Ever wanted to lock and unlock your front or garage doors remotely?
Zipato’s ZipaMicro Z-Wave smart hub controller offers a simple and relatively cheap way of doing that with the added benefit that it works with all sorts of smart home products – security cameras, sensors, heating controls, light bulbs, and IoT-enabled locks – from third parties.
Unfortunately, according to Black Marble researchers Chase Dardaman and Jason Wheeler, there’s a catch – the Zipato controller has three critical security flaws which could be used together by hackers to open your home’s doors for you.
Security flaws in IoT sounds like a routine story until you read that the headline vulnerability uncovered by Black Marble during a February 0DAYALLDAY Research Event (CVE-2019-9560) allowed the researchers to recover the device’s private Secure Shell (SSH) key from the Zipato’s onboard SD Card.
That’s bad news because SSH is a security protocol making possible secure communications between the device and the local or remote user (i.e. you, when you’re instructing the hub to unlock a door).
According to the researchers, an attacker armed with this private key – stored in a password-protected sub-directory called ‘/etc/dropbear/’, cracked without much difficulty, and with the hard-to-guess name dropbear_rsa_host_key’ – would be able to login to the hub as ‘root’ to poke around in its inner workings.
(Almost incidentally, the researchers say they discovered that every Zipato hub had been hard-coded with the same private key, a bizarre security oversight.)
After using this to attempt to find and unscramble the device’s access password, the researchers discovered the hub was using a ‘pass-the-hash’ design that allowed them to log in simply by passing the Zipato API the object.json file – in other words, without knowing the plaintext password, only its hash (CVE-2019-9561).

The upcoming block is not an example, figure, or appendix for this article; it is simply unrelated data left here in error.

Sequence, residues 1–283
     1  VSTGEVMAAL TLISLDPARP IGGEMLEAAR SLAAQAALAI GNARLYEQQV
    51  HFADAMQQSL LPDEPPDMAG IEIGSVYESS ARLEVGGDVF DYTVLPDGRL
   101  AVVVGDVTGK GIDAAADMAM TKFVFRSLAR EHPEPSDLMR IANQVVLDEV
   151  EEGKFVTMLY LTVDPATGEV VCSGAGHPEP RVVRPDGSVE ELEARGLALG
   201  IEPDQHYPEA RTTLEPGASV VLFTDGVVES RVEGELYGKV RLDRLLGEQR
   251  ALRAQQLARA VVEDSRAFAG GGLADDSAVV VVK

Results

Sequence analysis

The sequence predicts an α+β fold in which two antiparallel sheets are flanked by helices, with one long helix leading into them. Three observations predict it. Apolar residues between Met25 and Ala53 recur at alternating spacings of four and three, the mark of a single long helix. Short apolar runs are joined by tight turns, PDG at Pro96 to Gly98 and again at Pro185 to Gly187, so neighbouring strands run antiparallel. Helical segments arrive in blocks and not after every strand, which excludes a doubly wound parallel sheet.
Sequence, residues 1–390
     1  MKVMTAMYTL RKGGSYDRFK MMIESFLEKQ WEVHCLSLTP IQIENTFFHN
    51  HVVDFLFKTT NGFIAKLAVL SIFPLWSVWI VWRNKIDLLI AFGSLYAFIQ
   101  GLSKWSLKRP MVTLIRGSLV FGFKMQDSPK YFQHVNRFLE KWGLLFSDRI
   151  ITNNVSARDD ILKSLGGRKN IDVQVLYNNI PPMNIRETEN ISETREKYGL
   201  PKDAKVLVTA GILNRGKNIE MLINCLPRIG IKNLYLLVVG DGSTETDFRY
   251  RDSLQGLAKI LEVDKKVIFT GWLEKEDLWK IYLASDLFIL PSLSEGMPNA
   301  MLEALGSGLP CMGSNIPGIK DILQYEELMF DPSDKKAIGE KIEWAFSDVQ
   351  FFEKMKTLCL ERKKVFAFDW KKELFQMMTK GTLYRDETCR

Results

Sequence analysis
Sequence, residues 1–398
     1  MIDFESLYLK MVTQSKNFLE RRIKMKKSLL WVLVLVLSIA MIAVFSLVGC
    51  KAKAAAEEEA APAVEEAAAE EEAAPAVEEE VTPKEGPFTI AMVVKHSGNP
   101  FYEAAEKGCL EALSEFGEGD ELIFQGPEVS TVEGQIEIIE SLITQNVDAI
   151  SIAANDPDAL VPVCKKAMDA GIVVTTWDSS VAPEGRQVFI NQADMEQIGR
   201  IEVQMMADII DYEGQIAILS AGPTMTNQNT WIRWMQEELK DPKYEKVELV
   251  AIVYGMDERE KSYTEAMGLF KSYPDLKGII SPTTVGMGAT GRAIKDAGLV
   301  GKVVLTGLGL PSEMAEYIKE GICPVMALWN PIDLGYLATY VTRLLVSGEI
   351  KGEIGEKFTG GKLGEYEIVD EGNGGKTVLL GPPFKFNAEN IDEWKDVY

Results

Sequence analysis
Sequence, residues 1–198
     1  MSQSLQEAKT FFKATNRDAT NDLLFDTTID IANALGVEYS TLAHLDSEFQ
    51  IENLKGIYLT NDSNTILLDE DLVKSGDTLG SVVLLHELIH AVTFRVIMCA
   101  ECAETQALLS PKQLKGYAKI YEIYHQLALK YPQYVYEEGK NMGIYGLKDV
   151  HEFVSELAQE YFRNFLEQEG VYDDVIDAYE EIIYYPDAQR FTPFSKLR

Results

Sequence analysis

With that, the researchers could log in posing as the homeowner, complete with the power to control any devices connected to it after running up a proof-of-concept script that demonstrated that this was possible.
It gets worse
In a private home, this would be bad enough, but Zipato’s hub might also be used to secure numerous apartment addresses under one account. Cracking the Zipato using a second remote pass-the-hash authentication API vulnerability (CVE-2019-9562) would give local attackers the ability to open all of their front doors.
The one barrier to exploiting these flaws is that attackers would need to be on the same Wi-Fi network as the Zipato, which might not be hard in a setting where the same security password was being handed out to large numbers of people.
A remote hack would only be possible if the hub is directly connected to the internet – which barely any of the 100,000+ hubs sold appear to be judging from the tiny number found through the Shodan search engine.
Nevertheless, one concerning part of this story is how smart hubs such as the Zipato seem to be spreading to apartment complexes. That’s not an issue when they work as advertised but means that one unpatched hub could potentially be used to expose numerous homes as a single point of security failure.
Zipato claims it has issued patches for the three CVEs mentioned above, which as far as we can tell means applying v1.3.60 or later, which appeared in March after the company was told of the issues.
The company’s advice on the updating process can be found here.